We docked at Punta Valiente and walked on a trail through the rainforest to the next village over, which sits right on the beach. Villagers were eager to help carry our surfboards, cooler and other gear (for a nominal fee) and were very kind and patient with my shattered Spanish.
I had an unhealthy obsession with the cows. This is a very whittled down collection of the pics I took of them. I was like that touridiot in Yellowstone who gets way too close to the elk for a photo op (again, see pic of me with my sunbathing bovine buddy):
But the best part were the kids. Sue taught them how to play root ball. I’m embarrassed to say I’ve lived in WNC for three years and have never been to The Root Bar nor played the game myself, but man, these kids were good!
I got back to the docks before everyone else and a group of children crowded around me. As interesting as I found their culture, Lloyd later told me that they are probably more fascinated and entertained by me than I am by them. They didn’t speak English, and again my Spanish is limited to random vocab I retrieve from the recesses of my brain. I picture the words crawling out of cobwebbed boxes marked “elementary school” as I blurt out “primos” (cousins) and the full sentence, “Quantos anos tienes tu?” (from the many birthday celebrations).
What I lacked in words, I made up for in technology. I pulled our camera out of our backpack and at first started taking pictures of them. Then, I realized that they probably don’t get the opportunity very often to be on the other side of a camera. So I showed them how to point and click. Some of them were too timid, but Edwin really got into it:
A picture may be worth a thousand words, but when it comes to language barriers, a camera’s pretty priceless.
Happy Mother’s Day everyone! For me, brunch on the couch is the new breakfast in bed (that happens when you get to sleep in until 10:30!), but we’re not going all out today because we have enough to look forward to this week because….(drumroll)… we leave for Panama in two days!
Pilferers and squatters need not attempt to track down our home. It will be occupied in our absence, and of course there’s the moat with the alligator that we keep just hungry enough.
So now I’m doing something that before child I’d always saved until the morning of, even the hour of departure… packing. Packing for Panama is not like packing for any beach. It’s a rainforest climate, which means SERIOUS humidity. You think we have it here in the South? Well, my friend who lives down there says she tries not to spend more than $10 on a dress, because unfortunately they don’t last very long down there. Everything is wet all the time. So with that in mind, she recommended swimsuits, quick-drying, moisture-wicking clothes, and well, that’s about it!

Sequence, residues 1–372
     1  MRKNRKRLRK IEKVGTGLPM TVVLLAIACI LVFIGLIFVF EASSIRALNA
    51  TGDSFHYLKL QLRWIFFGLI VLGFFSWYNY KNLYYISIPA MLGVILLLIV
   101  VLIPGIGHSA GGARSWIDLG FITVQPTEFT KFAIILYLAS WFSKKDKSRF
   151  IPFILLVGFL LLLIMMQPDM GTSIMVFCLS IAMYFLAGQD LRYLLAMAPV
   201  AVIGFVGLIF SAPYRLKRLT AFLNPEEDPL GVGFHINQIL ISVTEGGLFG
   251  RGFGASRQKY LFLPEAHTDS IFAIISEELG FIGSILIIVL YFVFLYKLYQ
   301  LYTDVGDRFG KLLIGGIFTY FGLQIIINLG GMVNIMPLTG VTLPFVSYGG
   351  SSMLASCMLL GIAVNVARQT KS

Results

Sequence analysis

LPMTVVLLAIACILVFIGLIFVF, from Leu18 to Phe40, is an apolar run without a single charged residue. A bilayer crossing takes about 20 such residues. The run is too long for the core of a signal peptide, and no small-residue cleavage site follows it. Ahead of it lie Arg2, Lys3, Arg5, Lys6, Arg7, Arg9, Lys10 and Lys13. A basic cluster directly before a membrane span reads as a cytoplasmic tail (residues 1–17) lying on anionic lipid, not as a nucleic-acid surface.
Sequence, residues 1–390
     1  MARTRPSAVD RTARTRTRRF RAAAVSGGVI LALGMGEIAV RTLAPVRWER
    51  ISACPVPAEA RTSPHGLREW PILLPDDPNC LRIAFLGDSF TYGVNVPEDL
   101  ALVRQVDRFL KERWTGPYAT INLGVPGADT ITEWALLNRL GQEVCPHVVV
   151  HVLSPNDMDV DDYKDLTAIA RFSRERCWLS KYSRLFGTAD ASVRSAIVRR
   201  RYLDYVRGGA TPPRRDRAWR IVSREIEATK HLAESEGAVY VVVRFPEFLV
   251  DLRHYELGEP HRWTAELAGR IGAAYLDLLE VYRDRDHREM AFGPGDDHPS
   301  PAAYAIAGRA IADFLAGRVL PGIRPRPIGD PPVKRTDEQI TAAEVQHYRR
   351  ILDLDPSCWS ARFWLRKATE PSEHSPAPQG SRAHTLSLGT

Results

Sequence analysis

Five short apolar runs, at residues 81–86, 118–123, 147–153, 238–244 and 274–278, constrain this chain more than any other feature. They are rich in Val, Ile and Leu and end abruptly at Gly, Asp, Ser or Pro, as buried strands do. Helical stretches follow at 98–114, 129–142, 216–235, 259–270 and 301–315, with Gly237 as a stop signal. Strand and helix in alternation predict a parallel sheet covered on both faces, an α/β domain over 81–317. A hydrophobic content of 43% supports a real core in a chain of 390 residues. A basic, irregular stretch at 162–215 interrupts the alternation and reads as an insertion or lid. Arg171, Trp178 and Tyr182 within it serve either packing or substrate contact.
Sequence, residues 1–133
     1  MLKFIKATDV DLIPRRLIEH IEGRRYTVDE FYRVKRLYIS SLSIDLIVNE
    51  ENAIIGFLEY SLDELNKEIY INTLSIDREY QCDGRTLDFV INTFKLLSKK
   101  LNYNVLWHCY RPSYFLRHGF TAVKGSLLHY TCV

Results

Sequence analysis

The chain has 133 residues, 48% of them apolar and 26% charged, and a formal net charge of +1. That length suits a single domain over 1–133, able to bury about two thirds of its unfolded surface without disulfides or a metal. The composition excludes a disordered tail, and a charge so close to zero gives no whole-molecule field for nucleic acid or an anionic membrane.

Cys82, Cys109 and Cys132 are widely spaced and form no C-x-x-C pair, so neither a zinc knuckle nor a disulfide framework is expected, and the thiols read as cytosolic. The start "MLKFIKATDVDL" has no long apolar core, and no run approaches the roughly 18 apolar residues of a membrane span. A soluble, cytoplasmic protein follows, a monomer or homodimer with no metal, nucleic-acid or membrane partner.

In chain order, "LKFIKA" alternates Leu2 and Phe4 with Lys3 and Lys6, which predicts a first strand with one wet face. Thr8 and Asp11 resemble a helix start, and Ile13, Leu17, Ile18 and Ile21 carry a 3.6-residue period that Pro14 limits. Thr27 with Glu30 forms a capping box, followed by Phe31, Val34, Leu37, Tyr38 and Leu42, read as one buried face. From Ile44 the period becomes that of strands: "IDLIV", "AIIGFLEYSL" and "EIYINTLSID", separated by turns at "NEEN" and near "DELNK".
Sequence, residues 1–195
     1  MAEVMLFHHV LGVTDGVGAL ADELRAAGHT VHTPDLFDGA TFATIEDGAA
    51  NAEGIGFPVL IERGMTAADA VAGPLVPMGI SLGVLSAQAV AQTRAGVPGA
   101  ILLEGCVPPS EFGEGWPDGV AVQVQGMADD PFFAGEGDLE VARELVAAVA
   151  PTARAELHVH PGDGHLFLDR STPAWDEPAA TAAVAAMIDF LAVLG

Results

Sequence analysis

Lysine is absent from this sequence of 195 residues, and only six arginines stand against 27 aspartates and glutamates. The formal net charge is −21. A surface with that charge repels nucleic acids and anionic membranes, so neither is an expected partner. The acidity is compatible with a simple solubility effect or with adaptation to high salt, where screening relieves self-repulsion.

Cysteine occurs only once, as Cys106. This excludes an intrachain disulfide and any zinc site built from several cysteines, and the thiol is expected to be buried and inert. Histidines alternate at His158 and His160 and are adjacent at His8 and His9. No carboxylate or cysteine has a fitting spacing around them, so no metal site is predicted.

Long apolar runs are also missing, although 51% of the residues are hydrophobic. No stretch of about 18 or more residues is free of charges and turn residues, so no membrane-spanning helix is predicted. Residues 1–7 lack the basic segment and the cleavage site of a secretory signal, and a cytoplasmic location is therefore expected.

We’re staying at an amazing eco resort called Casa Cayuco, which is (at post time) the number two spot on TripAdvisor’s list of B&Bs and Inns on Panama’s Isla Bastimentos.
So packing clothing was a no-brainer:
3 swim suits (two-pieces that I can mix and match)
1 gauzy sundress
1 gauzy, hangy tank top
1 quick-dry skirt
1 moisture-wicking short-sleeve shirt with UV protection
1 moisture-wicking, quick dry hoodie with UV protection
1 pair of running shorts (more for lounging or hiking than running, but they’re that quick-dry material)
1 rain jacket (essential!)
1 pair of thin cropped PJ pants
1 cotton tank to sleep in (no quick-dry PJs in my arsenal)
1 cute, short nightie (this is our first trip as a couple without Jed since he was born!)
1 pair of flip flops
1 pair of Chacos for hiking, more active endeavors
And it all fits into half the space of my LeSportsac Weekender duffel:
Now the question is, will my skin and sun care regimen fit into the other half of my duffel? My skin is riddled with “beauty marks” that range from pre-pre-cancerous to pre-cancerous, so I am extra careful in the sun. So besides my straw fedora, which I think I can pull off (no matter what Dave says), I also bought a slew of different products to take down there. My friend Sue swears by coconut oil for a lot of uses, and I’m excited to try out any natural, local alternative to what I bring, but we are at least a 45 minute boat ride to any store, so I need to come prepared.
My sister knows me too well and bought me the Ahava after sun lotion for my birthday. I fell in love with their stuff when I visited the Dead Sea in Israel back in high school. My skin will love it after a day in the sun, burned or not.
Travel shampoo, conditioner and shave lotion were purchased based on what was available at Whole Foods in travel size (my hair Phyto regime is not travel-friendly). I don’t dislike Kiss My Face by any means (this is what I have for our guests at my house), but if you were to look at my packing list, you’d think I was obsessed!
I don’t know if I’ll post much of anything… at all… this week while I’m gone. If I’m proactive enough, I’ll put one in the works to be scheduled out, or post a few gorgeous pics of us swimming with the dolphins or something to make you jealous:)
This is definitely the most far-out, remote, tropical locale I’ll have traveled to. What’s yours?